New Law Requires Installation of 10-Year Smoke Alarms

Alarms with lithium or "long-life" batteries can go a decade before they need to be replaced.

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    Stamford fire officials are urging families to have two escape plans in case of fire.

    A new law makes the installation of so-called "10-year smoke alarms" a requirement for Maryland homes and apartments.

    Public safety officials from Prince George's County, along with the lieutenant governor, discussed the new law Monday.

    National statistics show 94 percent of American households have smoke detectors, but 30 percent of those alarms don't work. Additionally, most fire fatalities happen in homes that lack working alarms.

    Smoke alarm manufacturers recommend alarms be replaced every 10 years. The date your alarm was manufactured can be found on the back of the device. However, alarms with lithium or "long-life" batteries can go a decade before they need to be replaced. The sealed-in battery cannot and should not be changed, the U.S. Fire Administration says.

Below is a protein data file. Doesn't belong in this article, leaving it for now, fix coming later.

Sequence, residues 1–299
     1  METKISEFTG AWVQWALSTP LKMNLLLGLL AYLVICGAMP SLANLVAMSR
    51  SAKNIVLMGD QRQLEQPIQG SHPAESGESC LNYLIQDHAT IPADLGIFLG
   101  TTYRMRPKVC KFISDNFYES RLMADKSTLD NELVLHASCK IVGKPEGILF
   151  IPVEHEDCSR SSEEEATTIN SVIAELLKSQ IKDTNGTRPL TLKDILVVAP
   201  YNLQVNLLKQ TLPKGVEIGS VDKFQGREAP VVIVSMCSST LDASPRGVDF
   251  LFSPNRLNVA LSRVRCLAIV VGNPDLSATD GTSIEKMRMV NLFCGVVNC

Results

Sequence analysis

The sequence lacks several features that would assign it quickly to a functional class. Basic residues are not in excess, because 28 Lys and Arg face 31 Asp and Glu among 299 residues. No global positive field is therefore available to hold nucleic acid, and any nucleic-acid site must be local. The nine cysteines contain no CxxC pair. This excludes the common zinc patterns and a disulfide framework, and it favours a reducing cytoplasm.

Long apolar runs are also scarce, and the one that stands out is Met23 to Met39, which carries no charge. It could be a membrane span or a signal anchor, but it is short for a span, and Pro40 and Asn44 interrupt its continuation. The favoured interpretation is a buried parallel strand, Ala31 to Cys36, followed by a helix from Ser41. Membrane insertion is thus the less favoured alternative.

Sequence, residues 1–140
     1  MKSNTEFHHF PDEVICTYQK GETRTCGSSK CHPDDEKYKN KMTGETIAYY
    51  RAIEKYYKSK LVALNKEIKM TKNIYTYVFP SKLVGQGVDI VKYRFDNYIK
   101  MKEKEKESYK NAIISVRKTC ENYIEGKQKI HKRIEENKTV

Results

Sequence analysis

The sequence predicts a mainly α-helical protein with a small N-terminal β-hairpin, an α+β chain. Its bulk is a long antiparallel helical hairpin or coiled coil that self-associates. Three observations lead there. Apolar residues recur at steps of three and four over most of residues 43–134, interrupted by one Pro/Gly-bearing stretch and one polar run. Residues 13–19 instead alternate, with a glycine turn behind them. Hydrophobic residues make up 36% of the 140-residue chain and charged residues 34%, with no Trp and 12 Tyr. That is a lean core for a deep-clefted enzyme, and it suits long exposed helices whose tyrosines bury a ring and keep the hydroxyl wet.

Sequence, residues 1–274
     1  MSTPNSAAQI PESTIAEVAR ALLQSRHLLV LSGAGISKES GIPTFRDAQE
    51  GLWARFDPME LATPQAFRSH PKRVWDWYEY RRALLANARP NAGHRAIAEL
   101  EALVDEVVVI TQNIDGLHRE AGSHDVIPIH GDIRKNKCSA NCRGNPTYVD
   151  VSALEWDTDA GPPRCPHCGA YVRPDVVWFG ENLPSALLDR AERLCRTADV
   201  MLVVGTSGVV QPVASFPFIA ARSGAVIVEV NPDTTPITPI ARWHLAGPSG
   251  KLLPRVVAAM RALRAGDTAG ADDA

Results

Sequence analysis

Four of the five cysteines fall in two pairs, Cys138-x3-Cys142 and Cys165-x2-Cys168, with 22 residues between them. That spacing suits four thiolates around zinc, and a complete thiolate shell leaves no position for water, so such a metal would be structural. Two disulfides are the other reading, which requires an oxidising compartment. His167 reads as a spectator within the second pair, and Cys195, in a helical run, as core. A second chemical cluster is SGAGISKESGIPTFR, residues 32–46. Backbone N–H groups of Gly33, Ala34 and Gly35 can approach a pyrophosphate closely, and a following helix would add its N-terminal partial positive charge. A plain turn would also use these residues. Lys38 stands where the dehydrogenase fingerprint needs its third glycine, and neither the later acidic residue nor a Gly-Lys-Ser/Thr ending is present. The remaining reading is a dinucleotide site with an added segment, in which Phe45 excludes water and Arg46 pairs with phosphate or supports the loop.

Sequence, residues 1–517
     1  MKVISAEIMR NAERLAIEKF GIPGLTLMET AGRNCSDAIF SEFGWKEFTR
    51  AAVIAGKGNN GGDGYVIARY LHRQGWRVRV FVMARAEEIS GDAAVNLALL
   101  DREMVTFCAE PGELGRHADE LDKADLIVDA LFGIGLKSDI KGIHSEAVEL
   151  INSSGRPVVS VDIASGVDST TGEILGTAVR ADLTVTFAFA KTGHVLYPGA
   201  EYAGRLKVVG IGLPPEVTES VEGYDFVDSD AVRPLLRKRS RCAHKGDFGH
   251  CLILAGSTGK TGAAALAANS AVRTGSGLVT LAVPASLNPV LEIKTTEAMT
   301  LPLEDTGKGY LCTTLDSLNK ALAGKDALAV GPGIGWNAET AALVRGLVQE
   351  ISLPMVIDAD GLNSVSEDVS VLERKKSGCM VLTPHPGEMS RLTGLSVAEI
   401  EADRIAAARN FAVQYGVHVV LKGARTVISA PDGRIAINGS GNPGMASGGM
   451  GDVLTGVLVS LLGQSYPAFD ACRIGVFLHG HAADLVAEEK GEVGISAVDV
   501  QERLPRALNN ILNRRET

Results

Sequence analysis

Alarms with lithium batteries should also still be tested monthly.

    Under the new law, which goes into effect July 1, 2013, homes and apartments in the state must have the lithium-powered alarms by 2018. The alarms must also feature a "hush' function, which will quiet the alarm without removing the battery.

    Firefighters from the Capitol Heights Fire/EMS Station will visit homes near their firehouse Monday and install the new alarms.